15th April 2021

Lifesigns and crowd-funding


Q: You recorded this album through lockdown…


JY: Yes. it was a kind of perfect storm in a way - in that everyone in Lifesigns works with major artists and last year we had plans to travel all over the world. I was going to be out with Bonnie Tyler for eight months of the year; Steve (Rispin) was out with Yes, Jon (Poole) was doing Dr Hook, Dave (Bainbridge) was doing The Strawbs and loads of other things and when the pandemic came along, all of a sudden it was ‘Oh we can make the album then!’ What that did was give me and Steve time to concentrate on getting it done. We crowd-fund everything as well, which worked really well.  We also arranged for some donations and subscriptions to provide a very small furlough for the band . Not very much, just enough to pay for shopping and petrol and a few bits and pieces every month.

Q: That’s a lovely thing to do John.

JY: We work in a different way. We came up with a new quote yesterday actually “We are in the business of music, not in the music business”. (laughs) Renegades since 2013.


Q: Well Lifesigns is pretty much a pioneer in that although many bands crowd-fund you have done it right from the start.


JY: Yes and it’s quite funny because a lot of people are coming to us now picking our brains and asking how we do it but we are the same as anybody, we started off playing in pubs to 30 people and I used to do solo gigs to nobody!  I do think to an extent everything is the wrong way round: Mainstream Radio for example, we cannot get near it. They will not take a call, they will not answer an E-mail, they will not listen to anything.  We hired some pluggers to hit the radio scene and we were massive on hospital radio (laughs).  There were a couple of stations like Radio Woking and Radio Felixstowe where we were record of the week! You know a major record company invited me for lunch and I said to them ‘I don’t really know why you’re doing this’ and they said ‘We love your music we think it’s great’ and I said ‘but you’re not going to sign it’ and they said ‘No of course not.  We just wanted to tell you it was good.’ ‘So what do you sign?’  ‘Anything that appeals to a four to six year olds…’  It’s nursery rhymes Glenn.  This is how much we have dumbed down everything.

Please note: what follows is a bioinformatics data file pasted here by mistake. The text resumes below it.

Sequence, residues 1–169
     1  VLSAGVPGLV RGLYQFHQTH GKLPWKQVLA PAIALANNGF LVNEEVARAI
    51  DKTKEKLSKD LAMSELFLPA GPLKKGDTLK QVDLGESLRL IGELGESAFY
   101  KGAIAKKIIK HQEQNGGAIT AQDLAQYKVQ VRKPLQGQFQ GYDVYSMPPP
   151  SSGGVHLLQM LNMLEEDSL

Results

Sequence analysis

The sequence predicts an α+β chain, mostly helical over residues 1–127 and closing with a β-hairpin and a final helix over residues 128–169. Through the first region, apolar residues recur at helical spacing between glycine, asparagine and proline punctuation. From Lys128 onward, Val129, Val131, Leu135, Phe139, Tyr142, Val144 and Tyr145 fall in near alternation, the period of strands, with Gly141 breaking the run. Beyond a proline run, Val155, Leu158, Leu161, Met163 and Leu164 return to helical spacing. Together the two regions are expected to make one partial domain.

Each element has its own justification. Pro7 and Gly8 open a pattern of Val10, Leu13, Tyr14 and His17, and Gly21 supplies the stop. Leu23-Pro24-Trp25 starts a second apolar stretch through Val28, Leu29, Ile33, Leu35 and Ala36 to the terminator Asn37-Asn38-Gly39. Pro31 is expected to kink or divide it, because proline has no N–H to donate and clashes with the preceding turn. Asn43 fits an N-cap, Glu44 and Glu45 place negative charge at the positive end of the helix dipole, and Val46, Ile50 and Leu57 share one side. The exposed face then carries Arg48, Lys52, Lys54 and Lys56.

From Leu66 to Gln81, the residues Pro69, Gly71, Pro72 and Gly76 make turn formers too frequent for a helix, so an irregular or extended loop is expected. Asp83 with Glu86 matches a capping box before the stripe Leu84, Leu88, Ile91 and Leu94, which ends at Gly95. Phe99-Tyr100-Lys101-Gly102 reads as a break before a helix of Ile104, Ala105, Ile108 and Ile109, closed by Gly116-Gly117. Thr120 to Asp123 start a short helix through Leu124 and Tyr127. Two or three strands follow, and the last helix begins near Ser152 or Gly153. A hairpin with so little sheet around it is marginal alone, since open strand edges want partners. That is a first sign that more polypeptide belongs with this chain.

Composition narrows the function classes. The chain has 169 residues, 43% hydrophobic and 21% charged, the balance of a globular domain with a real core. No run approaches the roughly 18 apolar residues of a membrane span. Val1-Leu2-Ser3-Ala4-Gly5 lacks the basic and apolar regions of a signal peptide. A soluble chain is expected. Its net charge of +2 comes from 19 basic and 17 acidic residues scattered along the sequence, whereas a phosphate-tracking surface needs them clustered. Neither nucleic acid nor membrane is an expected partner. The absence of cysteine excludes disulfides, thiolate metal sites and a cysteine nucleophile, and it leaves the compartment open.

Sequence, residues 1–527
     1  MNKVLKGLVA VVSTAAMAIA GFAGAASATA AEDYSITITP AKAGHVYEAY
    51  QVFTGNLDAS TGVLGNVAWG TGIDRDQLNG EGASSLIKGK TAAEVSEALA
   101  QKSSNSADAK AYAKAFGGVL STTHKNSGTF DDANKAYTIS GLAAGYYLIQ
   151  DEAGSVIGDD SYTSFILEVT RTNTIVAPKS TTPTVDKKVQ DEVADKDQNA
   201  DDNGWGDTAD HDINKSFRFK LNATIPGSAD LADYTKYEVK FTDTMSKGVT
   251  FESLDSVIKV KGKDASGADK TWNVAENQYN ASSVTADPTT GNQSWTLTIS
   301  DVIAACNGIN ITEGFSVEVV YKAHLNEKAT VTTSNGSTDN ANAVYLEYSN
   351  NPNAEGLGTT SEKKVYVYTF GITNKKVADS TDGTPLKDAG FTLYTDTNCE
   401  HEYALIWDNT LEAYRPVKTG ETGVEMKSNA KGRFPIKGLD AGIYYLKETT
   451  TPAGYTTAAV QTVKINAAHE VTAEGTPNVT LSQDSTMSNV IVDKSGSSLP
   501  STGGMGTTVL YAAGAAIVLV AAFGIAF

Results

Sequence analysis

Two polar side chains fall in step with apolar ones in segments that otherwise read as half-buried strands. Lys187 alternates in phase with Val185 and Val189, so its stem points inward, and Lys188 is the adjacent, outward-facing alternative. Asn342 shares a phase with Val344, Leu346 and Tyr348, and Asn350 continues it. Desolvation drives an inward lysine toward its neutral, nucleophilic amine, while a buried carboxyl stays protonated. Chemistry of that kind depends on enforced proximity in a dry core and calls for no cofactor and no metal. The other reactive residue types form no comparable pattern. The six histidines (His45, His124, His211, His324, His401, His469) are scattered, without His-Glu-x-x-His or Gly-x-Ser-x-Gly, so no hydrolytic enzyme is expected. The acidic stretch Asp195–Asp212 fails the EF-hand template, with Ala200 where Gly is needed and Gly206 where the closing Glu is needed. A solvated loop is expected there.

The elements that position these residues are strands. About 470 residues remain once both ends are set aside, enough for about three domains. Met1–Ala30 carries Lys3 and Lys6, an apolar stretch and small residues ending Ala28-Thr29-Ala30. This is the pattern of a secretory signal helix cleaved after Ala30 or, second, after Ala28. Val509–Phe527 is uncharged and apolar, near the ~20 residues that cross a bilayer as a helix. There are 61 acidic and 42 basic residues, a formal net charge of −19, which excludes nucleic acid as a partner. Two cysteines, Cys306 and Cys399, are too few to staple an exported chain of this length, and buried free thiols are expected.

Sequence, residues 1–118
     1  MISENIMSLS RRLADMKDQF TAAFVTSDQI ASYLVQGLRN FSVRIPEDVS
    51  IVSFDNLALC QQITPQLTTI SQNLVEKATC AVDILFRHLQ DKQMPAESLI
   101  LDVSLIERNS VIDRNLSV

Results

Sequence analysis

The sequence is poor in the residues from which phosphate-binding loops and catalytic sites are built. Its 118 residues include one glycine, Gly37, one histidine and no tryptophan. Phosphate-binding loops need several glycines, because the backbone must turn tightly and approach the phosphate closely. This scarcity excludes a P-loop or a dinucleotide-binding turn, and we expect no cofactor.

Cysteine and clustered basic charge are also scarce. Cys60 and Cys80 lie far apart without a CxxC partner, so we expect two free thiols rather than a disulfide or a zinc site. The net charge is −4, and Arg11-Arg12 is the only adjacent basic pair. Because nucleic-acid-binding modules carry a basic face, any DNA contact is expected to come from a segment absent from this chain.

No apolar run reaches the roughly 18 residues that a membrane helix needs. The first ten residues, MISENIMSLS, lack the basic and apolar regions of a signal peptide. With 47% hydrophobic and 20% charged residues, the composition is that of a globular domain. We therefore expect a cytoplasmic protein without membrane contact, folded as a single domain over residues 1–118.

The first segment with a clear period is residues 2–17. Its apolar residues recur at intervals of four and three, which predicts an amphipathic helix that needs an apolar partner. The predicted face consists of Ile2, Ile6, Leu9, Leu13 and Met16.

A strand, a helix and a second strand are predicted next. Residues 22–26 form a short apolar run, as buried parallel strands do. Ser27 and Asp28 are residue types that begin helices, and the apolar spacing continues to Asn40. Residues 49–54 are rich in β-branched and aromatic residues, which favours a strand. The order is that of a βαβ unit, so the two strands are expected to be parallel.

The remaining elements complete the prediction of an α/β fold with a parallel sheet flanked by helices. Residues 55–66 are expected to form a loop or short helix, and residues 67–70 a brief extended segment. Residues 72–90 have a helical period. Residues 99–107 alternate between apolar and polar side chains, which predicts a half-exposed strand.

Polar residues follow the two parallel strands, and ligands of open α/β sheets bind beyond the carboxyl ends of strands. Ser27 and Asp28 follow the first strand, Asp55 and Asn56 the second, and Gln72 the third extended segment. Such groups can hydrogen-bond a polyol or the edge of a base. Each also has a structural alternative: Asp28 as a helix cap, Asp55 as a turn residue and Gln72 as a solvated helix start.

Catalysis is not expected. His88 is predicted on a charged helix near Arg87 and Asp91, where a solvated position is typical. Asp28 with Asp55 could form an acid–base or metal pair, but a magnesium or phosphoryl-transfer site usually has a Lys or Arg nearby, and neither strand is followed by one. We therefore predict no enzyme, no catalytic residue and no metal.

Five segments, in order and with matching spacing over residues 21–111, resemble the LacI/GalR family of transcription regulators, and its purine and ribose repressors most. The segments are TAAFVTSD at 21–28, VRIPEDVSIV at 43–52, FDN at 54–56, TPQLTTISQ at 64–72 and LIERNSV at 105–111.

Q: It is that descending spiral isn’t it?  If you are the head of EMI you need to sell records and if it’s the four to six year olds who guarantee those sales, then that is what you have to sign.  A lot of people celebrated the death of the major companies when it happened but I didn’t because I could see where it was going.  The fact that there are no more A and R guys any more means that there is no one to tell you that your music isn’t good enough and that you need to practice and come back with something better.


JY: Yes nobody has knowledge of this. The great A&R guys from the sixties and seventies have gone sadly.


Q: That’s right so you are left with the guys at the top who are only looking at  numbers and not talent.


JY: Yes and even if you get a record deal, there are no advances anymore.  In the UK Lifesigns are probably in the top 10 new prog rock bands and we have worked hard to get there.  We have kept everything to ourselves and we have had offers from record companies but they wanted to change everything so we stayed away.  We decided we had our own independence we could do everything to our own level and with this new album I certainly think we have done that, but I really think that what is left of the record companies are really missing a major chance.  Let’s take a look at it from the outside for a minute.  When we sell records we often sell to successful people – not all of them but many of them.  People who have nice houses, good income, have worked well so for us to put the price of our CD’s up by £5 note is no difference whatsoever to the sales.  Now the thing is what we have noticed is that somebody will come in from the middle of Utah, they are seeing the trailer on Facebook, they bought the album and the next day they buy everything else.  They will buy £100 pounds worth of stuff because there is so little accessible music and they need feeding. These people are all over the world, there are hundreds of thousands of them to me it’s a huge market with disposable income that is being ignored.   I think if the record companies tapped into this they would do very well,  but they are too busy looking the other way.